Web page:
Taiwanese-style Braised Tempeh “Pork” (Lu Rou Fan)

An easy, authentic vegan version of classic Taiwanese Braised Pork (Lu Rou Fan) using tempeh. Marked by a sweet, savory, and umami sauce, this bowl is the ultimate vegan comfort food.

Lu Rou Fan (滷肉飯) is a Taiwanese classic that I grew up eating. A bowl usually only costs around one to two US dollars (NTD $30 – $60), but the joy it brings is well worth thousands. I’ve been trying to make a vegan version that does the dish justice for a long time, and I found that tempeh might be a worthy attempt.

With these meaty slices of king oyster mushroom, you won’t even remember that this bowl is vegan.

An Iteration

This recipe is an iteration of my old recipe, where I used a home-made beetroot meat mix. I loved the flavors of my old recipe, but I didn’t fancy the texture very much, as the home-made meat mix became slightly mushy after braising.

The tempeh, on the other hand, held up really well and retained a firm and meaty texture after braising. However, tempeh has a bitter aftertaste that most people find unpleasant (including me). Hence the 10-ingredient-long mix of herbs and spices. I am happy to say that 95% of the aftertaste is gone after the blanching and braising process!

Taiwanese-style Braised Tempeh “Pork” (Lu Rou Fan)

5 from 1 vote
Recipe by George L. Course: LunchCuisine: TaiwaneseDifficulty: Easy


Prep time


Cooking time



Easy, authentic vegan version of classic Taiwanese Braised Pork (Lu Rou Fan) using tempeh. Marked by a sweet, savory, and umami sauce. Video Demonstration available on my instagram highlights.


  • 1 block tempeh (230 grams)

  • vegetable oil, for frying

  • 2 tablespoons brown sugar

  • 3 cloves garlic

  • 1 tablespoon black bean garlic sauce, I used Lee Kum Kee’s

  • 2 teaspoons spicy broad bean paste, or doubanjiang (optional)

  • 1 teaspoon fresh ginger, peeled and grated

  • 1 medium shallot, finely minced

  • 1 tablespoon ground Sichuan Peppercorns

  • 2 dried chilis, seeds removed & thinly sliced

  • 1/2 teaspoon ground five spice

  • 1 bay leaf

  • 5 tablespoons low sodium soy sauce

  • 2 tablespoons Shaoxing wine (substitute: mirin)

  • 1 cup room temperature water

  • Toppings
  • 1 head Bok Choy

  • 2 oyster mushrooms, sliced length-wise

  • 100 grams firm tofu, cut into small cubes


  • Prepare the Tempeh. First, pull apart the Tempeh with your hands into large chunks (if your Tempeh is frozen, let it thaw completely first). Boil a pot of water and blanch the Tempeh for 10 minutes to rid its bitter aftertaste. When 10 minutes is up, remove the Tempeh from the water and let cool. Once the Tempeh is cooled enough, use your hands to crumble up the Tempeh, achieving a “minced pork” texture. Set aside.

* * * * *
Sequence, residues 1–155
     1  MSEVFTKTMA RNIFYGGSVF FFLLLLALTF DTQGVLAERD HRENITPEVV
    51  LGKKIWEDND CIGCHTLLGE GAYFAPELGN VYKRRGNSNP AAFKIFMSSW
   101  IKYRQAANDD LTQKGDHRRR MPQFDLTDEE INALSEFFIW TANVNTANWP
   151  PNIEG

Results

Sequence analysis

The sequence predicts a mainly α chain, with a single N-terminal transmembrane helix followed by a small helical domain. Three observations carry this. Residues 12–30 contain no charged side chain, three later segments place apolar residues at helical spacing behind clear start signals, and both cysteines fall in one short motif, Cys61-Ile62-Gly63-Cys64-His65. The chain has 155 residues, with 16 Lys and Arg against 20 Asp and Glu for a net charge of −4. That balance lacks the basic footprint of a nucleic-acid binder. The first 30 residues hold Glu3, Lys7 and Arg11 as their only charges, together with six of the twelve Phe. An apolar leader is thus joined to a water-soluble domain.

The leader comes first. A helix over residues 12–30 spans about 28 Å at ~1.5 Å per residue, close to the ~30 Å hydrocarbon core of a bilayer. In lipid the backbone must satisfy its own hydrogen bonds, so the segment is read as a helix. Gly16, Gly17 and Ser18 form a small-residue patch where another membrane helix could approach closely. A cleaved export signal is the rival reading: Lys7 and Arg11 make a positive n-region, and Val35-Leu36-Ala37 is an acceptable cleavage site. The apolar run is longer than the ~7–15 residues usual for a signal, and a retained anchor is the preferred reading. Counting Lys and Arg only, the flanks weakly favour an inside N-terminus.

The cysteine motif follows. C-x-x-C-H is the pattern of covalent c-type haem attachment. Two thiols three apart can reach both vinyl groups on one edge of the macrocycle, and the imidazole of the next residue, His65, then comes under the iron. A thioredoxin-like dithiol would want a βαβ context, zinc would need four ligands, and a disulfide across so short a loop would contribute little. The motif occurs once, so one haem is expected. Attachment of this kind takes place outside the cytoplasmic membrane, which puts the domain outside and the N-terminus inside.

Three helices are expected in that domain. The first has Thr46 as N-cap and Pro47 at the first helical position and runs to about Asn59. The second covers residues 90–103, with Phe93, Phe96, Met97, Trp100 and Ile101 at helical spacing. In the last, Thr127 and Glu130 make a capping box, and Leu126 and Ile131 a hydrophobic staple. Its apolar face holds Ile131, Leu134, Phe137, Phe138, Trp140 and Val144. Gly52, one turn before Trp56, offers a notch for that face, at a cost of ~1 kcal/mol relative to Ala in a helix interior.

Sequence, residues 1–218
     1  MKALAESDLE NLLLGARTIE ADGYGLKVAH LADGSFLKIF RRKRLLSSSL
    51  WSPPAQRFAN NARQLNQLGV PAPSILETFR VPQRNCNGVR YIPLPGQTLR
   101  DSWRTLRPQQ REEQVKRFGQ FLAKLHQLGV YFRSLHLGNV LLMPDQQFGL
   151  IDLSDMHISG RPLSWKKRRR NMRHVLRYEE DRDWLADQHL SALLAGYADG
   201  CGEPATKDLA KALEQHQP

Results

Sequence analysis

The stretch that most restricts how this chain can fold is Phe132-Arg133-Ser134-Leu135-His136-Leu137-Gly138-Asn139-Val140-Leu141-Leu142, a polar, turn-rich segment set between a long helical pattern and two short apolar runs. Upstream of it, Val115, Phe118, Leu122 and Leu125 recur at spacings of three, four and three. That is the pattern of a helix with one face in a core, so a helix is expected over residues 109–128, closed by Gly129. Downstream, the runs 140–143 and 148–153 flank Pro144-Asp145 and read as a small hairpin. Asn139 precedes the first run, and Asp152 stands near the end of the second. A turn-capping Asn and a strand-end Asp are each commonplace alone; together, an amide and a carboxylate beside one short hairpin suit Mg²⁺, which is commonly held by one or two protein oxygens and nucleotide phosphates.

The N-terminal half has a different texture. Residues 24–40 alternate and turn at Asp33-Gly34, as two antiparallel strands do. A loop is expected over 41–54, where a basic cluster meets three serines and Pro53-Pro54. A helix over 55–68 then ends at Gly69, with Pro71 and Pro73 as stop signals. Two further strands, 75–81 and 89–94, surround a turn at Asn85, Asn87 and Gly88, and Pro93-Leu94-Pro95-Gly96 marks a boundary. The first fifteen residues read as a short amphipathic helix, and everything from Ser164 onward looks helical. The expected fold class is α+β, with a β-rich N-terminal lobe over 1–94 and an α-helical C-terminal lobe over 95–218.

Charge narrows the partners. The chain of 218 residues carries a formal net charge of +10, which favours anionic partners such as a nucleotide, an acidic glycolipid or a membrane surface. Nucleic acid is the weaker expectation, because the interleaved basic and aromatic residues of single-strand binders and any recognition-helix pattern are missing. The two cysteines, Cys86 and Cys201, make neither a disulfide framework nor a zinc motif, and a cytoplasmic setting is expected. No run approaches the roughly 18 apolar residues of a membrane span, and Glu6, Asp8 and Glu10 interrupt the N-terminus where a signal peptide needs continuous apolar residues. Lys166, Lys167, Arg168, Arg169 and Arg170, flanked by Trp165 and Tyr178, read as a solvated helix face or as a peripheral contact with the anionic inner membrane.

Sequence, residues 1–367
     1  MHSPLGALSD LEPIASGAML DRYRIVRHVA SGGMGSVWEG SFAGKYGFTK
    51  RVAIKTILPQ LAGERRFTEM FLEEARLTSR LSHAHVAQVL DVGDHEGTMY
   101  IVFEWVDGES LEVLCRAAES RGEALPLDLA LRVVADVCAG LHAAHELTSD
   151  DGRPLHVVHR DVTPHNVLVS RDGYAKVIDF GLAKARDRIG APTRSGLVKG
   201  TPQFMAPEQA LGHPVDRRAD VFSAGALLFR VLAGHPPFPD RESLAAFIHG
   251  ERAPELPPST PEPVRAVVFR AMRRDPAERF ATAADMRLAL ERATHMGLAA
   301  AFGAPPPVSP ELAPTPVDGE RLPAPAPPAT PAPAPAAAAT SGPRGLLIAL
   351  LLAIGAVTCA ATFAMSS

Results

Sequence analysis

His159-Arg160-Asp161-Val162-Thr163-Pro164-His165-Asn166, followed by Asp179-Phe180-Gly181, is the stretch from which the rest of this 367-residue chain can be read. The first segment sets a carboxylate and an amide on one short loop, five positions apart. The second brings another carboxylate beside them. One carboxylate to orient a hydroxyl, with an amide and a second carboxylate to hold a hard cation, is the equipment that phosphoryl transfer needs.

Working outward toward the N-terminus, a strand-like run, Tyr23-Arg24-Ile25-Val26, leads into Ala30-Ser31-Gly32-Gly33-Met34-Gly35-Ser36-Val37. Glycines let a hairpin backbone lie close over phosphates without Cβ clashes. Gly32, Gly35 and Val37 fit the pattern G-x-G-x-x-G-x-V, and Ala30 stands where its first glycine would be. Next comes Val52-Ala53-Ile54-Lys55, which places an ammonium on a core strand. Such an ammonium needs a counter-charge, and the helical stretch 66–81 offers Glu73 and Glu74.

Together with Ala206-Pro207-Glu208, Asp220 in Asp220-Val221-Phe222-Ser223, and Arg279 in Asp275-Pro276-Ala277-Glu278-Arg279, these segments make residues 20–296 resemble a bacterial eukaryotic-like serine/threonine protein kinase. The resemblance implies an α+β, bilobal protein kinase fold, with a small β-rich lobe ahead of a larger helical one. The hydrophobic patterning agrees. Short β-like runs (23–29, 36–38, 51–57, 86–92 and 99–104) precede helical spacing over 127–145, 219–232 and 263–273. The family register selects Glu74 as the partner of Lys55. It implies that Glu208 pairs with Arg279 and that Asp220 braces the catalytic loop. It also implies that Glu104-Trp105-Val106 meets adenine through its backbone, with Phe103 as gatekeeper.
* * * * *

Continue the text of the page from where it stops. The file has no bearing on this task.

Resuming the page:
• Prepare the King Oyster Mushrooms. First, slice each mushroom length-wise into around 1 cm thick pieces. Then, using a sharp knife, score the flatter side side of each mushroom slice.
  • Cook the King Oyster Mushrooms. From here, we’re using the same pot to cook the mushrooms and braise the tempeh. In the pot, heat up a little bit of vegetable oil on high heat. Sear each slice of mushroom scored side down. Press each mushroom down with a flat spatula to ensure an even sear (otherwise they will curl up). Once the scored side is deeply brown and golden, flip and lightly cook the other side as well. Remove from the heat and set aside. Don’t wash out the pot as we want to retain that caramelized mushroom flavor at the bottom of the pot (what the French call suc).
  • Braise the Tempeh. In the same pot, heat up brown sugar on medium heat until melted and caramelized (it should achieve a darker shade). Then, add the garlic, black bean garlic sauce, spicy broad bean paste, ginger, shallots, ground Sichuan peppercorns, dried chilis, five spice, and bay leaf. Cook while stirring for 2-3 minutes, then add back the minced tempeh and cook to lightly caramelize the tempeh, around 4 minutes. Deglaze the pot with soy sauce, water, and Shaoxing wine (I like to pre-combine them). Cover and braise for at least 20 minutes. Near the end of the braising, remove the lid and reduce the braising liquid by at least half. Adjust seasoning at the end of the reduction.
  • Prepare Other Toppings. While the tempeh is braising, prepare any toppings you would like. I prepared some crispy tofu cubes as I did in this recipe. I also prepared Bok choy by simply blanching them in salted boiling water for around 1-2 minutes. Pickled vegetables are great as toppings as well.


  • Tofu Topping: I actually prefer cutting the tofu cubes larger than pictured in this post. Feel free to cut the tofu larger and bake them the same way! Alternatively, I love to use inari age (Japanese fried tofu) as well.

Did you make this recipe? I’d love to see your recreations!

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